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Re: Open Access to Research Is Inevitable, Libraries Are Told

There are two separate themes running through this thread, and 
it's useful to keep them separate. One is, How much does it cost 
(or could it cost) to conduct peer review of scholarly material? 
The other is, Can we replicate all the features of the 
traditional publishing system in an open access environment, and 
do so at lower cost?

There is no question that peer review can be conducted for 
relatively low cost, whether in an OA or toll-access environment. 
It can even be managed at costs far lower than even the 
staunchest OA advocates maintain, once the analytic power of 
industrial processes are brought to it.  That means things like 
working in the Cloud, automating all the interfaces, etc. 
Universities are poor places to keep costs down, as they are 
typically high-cost (and high touch) environments, but there is 
no inherent reason that peer review services for OA should be 
managed by universities.  If Verizon can have a call center in 
Bangalore, why not Duke?

The problem is that peer review has many varieties, and the work 
of the established publications focuses mostly on one thing: 
What do I have to do to make this a publication that people will 
pay for, and once they are willing to pay for it, what value 
proposition can I assert that will give me some elasticity as to 
pricing?  The overall editorial program of a traditional 
publication is at the service of these business objectives.

Thus traditional journals seek the most highly regarded academic 
editors, who in turn seek the most highly regarded reviewers. 
All this in turn leads to the development of the publication's 
brand.  At some point the brand itself takes on its own 
qualities.  When people say, I will pay more for an Apple 
product, they are acknowledging the premium associated with the 
Apple brand.  Think of such brands as Science and Lancet.  The 
articles published there have a special status because of the 
brand that supports them and which they in turn support.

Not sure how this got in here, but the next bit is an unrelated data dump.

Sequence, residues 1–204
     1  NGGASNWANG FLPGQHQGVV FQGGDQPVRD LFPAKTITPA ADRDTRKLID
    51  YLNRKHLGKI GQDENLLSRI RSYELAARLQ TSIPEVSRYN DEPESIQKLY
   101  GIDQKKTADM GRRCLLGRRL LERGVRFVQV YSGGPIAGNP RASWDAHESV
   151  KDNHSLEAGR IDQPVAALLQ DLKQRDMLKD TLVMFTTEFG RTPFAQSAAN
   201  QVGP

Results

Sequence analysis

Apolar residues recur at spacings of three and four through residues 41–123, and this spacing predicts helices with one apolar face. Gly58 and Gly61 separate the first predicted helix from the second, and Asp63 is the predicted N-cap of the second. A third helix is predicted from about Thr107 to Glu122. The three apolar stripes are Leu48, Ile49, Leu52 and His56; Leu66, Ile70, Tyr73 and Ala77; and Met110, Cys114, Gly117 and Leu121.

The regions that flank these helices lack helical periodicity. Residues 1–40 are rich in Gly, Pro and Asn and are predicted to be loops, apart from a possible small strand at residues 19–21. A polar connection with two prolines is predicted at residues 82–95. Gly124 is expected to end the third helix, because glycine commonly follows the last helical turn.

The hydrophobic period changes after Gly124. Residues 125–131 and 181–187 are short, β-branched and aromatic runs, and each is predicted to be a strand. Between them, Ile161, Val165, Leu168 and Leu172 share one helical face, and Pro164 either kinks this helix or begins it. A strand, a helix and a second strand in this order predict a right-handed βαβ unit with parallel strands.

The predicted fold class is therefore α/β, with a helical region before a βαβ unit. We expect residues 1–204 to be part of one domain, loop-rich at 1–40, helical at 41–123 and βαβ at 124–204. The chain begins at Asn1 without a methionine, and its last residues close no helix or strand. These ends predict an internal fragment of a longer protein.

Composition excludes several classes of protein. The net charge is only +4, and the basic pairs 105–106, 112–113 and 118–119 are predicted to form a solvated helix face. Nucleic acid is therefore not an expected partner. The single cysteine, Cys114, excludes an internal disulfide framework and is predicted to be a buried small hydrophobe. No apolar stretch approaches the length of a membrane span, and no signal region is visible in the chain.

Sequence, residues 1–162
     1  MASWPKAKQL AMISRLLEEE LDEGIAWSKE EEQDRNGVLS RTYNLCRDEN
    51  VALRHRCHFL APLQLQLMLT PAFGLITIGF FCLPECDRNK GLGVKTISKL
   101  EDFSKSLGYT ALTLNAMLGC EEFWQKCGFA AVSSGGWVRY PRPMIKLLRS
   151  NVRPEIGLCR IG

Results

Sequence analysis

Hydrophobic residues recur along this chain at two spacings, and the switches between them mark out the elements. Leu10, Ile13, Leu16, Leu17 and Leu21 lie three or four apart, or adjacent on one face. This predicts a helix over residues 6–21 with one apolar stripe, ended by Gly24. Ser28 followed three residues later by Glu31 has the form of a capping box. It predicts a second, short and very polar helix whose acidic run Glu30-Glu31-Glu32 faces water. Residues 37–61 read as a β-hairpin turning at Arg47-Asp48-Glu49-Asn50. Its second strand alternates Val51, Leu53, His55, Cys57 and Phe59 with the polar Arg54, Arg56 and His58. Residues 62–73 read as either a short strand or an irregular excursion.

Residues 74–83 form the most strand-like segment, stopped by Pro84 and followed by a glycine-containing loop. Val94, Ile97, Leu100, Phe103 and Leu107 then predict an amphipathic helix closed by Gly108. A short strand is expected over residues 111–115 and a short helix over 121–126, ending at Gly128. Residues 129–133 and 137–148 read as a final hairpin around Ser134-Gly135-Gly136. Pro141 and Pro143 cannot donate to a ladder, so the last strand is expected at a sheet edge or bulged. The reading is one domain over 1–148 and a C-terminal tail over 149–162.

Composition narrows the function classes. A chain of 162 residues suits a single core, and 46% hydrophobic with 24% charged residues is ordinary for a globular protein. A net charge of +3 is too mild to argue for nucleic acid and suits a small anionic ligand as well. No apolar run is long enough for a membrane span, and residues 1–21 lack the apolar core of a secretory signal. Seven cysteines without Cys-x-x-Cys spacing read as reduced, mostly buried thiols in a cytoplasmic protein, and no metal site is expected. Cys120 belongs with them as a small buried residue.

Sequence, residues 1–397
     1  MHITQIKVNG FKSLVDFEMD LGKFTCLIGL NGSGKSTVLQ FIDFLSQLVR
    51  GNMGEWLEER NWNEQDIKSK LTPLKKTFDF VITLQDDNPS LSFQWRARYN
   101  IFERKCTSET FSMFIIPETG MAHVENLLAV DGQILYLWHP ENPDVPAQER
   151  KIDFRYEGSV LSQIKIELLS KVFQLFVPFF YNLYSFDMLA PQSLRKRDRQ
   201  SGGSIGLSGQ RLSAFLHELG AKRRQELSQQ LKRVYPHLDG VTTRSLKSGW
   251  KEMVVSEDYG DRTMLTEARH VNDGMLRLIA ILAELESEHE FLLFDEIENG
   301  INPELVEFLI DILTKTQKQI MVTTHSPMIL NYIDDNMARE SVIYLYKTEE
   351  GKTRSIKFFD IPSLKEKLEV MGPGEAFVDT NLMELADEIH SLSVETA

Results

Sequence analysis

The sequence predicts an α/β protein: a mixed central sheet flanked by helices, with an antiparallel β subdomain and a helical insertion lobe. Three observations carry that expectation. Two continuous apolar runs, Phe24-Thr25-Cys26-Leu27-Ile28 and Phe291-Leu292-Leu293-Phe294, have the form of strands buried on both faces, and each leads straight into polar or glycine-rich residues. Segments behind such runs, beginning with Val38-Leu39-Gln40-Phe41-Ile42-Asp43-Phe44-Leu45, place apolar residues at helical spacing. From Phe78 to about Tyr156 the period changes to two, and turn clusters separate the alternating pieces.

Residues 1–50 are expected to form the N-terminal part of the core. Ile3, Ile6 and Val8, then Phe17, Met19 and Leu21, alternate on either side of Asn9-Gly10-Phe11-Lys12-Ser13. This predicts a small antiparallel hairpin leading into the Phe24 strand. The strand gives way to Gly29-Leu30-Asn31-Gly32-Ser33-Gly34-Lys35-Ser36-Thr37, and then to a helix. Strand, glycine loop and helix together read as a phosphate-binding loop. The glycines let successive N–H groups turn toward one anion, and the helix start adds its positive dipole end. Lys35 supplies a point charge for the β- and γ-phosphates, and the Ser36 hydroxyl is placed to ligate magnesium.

Can OA be successful? Yep.  Is it successful today?  Somewhat. 
Is it supplanting established publications?  For the most part, 
no.  It's one thing to set up a competent system for publishing 
something, another to create the aura of an established brand and 
all that goes with it.

I think a legitimate question is, Are the established brands 
continuing to produce the kind of work that made the brands 
valuable in the first place?  If the answer is no, there is 
trouble ahead (for them).  Another question to ask is, Are there 
things in scholarly communications that the established brands 
are not currently doing or may in fact have difficulty doing 
because of the implications of their brands?  An example of 
something that is not being done is real-time publication.  An 
example of brand conflict might be (and this question can be 
entertaining) having the Hopkins School of Medicine sponsor a 
journal on "alternative" medicine (presumably the editor would be 
based in my New Age hometown of Santa Cruz).

If the goal is to disrupt traditional publishing, the place to 
look is not where the established publications are strong but 
where they are absent or weak.  An open access NEJM will be hard 
to pull off.

Joe Esposito

On Fri, Feb 26, 2010 at 3:51 PM, Eric Hellman <eric@hellman.net> wrote:

> I think it would be interesting for all to see how publishers 
> would itemize the expenses associated with review process.
> My guess is that many of the items would be unanticipated by 
> non-publishers but still scaleable.
> On Feb 25, 2010, at 6:02 PM, Anthony Watkinson wrote:
>> Is Professor Guedon really suggesting that publishers who spend a
>> lot of money on online editorial systems, on editor honoraria, on
>> editorial back-up costs and on editorial board meetings are
>> really doing so because they want to increase their costs? The
>> software he mentions may well work for small journals in the
>> humanities but it is my understanding that it does not satisfy
>> editors of biomedical journals or their authors:.
>> Anthony